Findings

It describes the product as an engineering system, and analyzes product systems and product structures through using systems theory. Design process modeling is analyzed, and a strategic approach to decomposing product structure and calculating modularity is adopted for product development.

Research limitations/implications

Accessibility and availability mainly focus on product system development.

Practical implications

The paper offers useful advice for the modeling process of product conceptual design.

Originality/value

The new approach to conceptual design is based on set representation and systems analysis as well as axiomatic theory. The paper is aimed at understanding evolution mechanism of complexity product systems.

Details

Kybernetes, vol. 40 no. 5/6
Type: Research Article
ISSN: 0368-492X

Keywords

Article
Publication date: 1 August 1997

Johann C.K.H. Riedel and Kulwant S. Pawar

Reports on research based on the results of a survey of design management in the UK mechanical engineering industry. Considers the issue of which aspects of production…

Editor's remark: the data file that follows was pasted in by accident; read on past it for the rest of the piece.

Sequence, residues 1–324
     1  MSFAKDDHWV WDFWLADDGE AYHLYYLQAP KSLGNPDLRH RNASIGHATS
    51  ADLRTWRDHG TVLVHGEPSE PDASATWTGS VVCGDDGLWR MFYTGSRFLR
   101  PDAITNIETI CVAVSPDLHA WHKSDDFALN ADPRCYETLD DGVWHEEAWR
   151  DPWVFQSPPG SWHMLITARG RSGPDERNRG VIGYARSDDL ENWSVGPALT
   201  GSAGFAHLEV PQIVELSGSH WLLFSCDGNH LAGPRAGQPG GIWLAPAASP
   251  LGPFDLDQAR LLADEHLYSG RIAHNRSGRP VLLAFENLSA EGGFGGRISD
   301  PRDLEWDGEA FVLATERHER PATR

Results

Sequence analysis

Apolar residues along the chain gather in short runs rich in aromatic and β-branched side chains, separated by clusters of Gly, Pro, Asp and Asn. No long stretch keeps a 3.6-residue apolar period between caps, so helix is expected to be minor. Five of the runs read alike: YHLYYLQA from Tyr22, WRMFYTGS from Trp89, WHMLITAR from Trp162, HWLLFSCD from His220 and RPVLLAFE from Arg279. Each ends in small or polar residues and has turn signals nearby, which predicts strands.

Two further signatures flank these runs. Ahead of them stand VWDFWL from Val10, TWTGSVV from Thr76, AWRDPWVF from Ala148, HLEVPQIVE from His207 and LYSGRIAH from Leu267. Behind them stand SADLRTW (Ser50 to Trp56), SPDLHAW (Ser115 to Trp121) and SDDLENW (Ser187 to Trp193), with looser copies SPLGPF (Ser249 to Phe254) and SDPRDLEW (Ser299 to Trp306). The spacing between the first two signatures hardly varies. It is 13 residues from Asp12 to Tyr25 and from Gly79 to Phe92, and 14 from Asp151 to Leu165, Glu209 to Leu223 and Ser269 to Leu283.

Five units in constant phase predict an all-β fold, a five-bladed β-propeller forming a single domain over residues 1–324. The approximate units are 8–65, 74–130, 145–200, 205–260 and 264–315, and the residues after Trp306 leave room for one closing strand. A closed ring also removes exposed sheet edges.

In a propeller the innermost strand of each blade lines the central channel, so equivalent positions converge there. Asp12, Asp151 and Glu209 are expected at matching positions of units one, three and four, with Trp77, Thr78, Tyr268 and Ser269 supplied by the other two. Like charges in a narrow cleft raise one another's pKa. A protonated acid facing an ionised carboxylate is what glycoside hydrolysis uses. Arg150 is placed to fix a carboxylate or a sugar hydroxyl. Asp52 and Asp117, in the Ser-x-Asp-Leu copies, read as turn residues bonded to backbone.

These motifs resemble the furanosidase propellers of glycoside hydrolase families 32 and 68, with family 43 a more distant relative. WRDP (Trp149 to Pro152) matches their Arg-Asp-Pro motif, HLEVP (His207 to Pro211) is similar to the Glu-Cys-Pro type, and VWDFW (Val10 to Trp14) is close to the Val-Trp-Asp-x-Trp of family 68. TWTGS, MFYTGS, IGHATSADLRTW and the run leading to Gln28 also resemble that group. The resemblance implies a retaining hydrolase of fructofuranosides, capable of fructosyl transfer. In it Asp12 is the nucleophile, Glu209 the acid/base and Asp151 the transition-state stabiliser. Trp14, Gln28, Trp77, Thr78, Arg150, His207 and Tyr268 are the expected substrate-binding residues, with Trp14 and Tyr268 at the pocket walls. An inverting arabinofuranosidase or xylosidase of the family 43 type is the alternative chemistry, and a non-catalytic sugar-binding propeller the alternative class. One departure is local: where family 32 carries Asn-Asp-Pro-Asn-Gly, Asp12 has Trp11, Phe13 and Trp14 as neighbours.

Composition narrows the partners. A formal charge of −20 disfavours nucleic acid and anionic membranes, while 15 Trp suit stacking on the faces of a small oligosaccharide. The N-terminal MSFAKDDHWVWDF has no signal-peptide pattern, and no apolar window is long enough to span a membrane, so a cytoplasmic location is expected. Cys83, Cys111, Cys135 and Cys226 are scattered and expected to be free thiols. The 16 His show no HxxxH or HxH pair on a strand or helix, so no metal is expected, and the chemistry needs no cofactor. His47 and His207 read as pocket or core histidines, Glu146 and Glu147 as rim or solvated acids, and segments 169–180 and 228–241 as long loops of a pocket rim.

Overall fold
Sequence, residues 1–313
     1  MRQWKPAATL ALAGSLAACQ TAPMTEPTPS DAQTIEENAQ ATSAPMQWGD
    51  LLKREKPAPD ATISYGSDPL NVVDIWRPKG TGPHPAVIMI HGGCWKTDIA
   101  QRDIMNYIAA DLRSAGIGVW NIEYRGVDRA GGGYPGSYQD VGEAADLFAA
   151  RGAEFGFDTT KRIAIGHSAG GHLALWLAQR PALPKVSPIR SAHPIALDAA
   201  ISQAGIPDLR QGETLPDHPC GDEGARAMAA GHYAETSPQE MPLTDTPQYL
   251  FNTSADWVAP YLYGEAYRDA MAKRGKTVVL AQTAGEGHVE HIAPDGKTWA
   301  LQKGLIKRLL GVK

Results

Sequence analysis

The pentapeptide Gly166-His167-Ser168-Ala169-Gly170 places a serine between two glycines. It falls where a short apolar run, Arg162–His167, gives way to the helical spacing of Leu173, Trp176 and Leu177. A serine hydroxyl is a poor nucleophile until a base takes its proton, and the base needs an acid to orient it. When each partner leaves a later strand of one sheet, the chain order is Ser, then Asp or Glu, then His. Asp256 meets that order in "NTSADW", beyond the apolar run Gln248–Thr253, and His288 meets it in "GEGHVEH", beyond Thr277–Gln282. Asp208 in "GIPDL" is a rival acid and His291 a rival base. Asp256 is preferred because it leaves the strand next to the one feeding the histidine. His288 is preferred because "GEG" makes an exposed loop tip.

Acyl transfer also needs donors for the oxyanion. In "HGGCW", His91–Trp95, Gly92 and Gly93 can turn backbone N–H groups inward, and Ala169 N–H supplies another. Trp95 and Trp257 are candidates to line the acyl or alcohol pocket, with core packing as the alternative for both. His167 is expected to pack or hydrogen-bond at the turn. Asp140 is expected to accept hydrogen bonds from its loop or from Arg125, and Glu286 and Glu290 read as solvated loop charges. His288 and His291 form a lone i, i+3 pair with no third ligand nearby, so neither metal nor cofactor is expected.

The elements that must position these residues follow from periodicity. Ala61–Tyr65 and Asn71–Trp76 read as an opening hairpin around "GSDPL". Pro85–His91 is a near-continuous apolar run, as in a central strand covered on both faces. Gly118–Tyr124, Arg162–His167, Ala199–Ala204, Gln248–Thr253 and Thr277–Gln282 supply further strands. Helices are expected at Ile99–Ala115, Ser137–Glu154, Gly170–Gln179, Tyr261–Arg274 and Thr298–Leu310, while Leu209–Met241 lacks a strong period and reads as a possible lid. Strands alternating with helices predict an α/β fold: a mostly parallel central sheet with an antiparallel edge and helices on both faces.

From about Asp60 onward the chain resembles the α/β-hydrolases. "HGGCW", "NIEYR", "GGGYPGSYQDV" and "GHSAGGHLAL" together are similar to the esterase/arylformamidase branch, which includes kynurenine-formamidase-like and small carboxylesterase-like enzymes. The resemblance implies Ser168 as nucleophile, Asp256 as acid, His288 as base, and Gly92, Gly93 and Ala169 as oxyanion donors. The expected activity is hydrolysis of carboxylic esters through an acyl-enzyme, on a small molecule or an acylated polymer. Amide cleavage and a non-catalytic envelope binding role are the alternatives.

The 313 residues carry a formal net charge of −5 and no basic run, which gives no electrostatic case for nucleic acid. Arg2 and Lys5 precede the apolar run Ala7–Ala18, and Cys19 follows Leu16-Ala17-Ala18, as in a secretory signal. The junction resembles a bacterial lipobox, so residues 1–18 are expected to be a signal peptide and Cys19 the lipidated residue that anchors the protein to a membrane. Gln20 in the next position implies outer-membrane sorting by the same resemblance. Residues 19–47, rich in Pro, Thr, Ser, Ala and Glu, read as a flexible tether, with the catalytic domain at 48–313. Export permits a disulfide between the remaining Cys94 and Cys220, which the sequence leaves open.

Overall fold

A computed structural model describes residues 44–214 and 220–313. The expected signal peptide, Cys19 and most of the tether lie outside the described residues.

1685

Abstract

Reports on research based on the results of a survey of design management in the UK mechanical engineering industry. Considers the issue of which aspects of production were considered in the design of products and when. Demonstrates that at the prototype stage production aspects became the most important. This shows that the manufacturability of the product is not considered until after it has been designed. Concludes that the effective and efficient manufacture of the product is not given sufficient attention by mechanical engineering firms. Also investigates the involvement of production personnel in the design process. Finds that production engineering was more extensively involved in the design process the closer it moved towards manufacture. Points to further research which hopes to address this lack by providing practical tools for the application of concurrent engineering.

Details

Integrated Manufacturing Systems, vol. 8 no. 4
Type: Research Article
ISSN: 0957-6061

Keywords

Article
Publication date: 1 April 1993

Vasanthakumar N. Bhat

Since inputs, manufacturing processes, distribution, use anddisposal methods are decided during the design stage, any companyventuring out with a green marketing program…

2739

Abstract